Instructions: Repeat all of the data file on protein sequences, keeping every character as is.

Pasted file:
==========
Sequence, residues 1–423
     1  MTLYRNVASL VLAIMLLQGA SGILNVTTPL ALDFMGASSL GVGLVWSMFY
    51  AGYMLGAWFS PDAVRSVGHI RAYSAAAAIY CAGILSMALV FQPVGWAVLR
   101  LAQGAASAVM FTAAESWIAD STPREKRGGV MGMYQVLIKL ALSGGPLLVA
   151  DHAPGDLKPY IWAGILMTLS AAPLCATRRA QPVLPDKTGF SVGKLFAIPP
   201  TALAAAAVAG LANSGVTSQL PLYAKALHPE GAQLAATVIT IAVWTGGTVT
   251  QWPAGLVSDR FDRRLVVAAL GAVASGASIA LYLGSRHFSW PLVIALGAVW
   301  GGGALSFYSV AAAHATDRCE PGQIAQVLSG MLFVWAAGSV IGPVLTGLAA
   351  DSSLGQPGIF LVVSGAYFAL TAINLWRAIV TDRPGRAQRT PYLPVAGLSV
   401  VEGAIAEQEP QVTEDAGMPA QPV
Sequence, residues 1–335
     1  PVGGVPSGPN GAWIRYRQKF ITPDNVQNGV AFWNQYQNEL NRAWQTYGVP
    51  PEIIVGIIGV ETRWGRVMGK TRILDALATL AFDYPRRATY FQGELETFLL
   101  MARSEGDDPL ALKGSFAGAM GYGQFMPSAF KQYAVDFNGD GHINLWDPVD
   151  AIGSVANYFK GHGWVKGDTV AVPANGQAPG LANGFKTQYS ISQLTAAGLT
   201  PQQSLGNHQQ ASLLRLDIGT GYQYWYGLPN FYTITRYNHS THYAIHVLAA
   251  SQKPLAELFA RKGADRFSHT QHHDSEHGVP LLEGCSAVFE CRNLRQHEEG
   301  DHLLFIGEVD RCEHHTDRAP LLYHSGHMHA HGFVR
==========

Sequence, residues 1–423
     1  MTLYRNVASL VLAIMLLQGA SGILNVTTPL ALDFMGASSL GVGLVWSMFY
    51  AGYMLGAWFS PDAVRSVGHI RAYSAAAAIY CAGILSMALV FQPVGWAVLR
   101  LAQGAASAVM FTAAESWIAD STPREKRGGV MGMYQVLIKL ALSGGPLLVA
   151  DHAPGDLKPY IWAGILMTLS AAPLCATRRA QPVLPDKTGF SVGKLFAIPP
   201  TALAAAAVAG LANSGVTSQL PLYAKALHPE GAQLAATVIT IAVWTGGTVT
   251  QWPAGLVSDR FDRRLVVAAL GAVASGASIA LYLGSRHFSW PLVIALGAVW
   301  GGGALSFYSV AAAHATDRCE PGQIAQVLSG MLFVWAAGSV IGPVLTGLAA
   351  DSSLGQPGIF LVVSGAYFAL TAINLWRAIV TDRPGRAQRT PYLPVAGLSV
   401  VEGAIAEQEP QVTEDAGMPA QPV
Sequence, residues 1–335
     1  PVGGVPSGPN GAWIRYRQKF ITPDNVQNGV AFWNQYQNEL NRAWQTYGVP
    51  PEIIVGIIGV ETRWGRVMGK TRILDALATL AFDYPRRATY FQGELETFLL
   101  MARSEGDDPL ALKGSFAGAM GYGQFMPSAF KQYAVDFNGD GHINLWDPVD
   151  AIGSVANYFK GHGWVKGDTV AVPANGQAPG LANGFKTQYS ISQLTAAGLT
   201  PQQSLGNHQQ ASLLRLDIGT GYQYWYGLPN FYTITRYNHS THYAIHVLAA
   251  SQKPLAELFA RKGADRFSHT QHHDSEHGVP LLEGCSAVFE CRNLRQHEEG
   301  DHLLFIGEVD RCEHHTDRAP LLYHSGHMHA HGFVR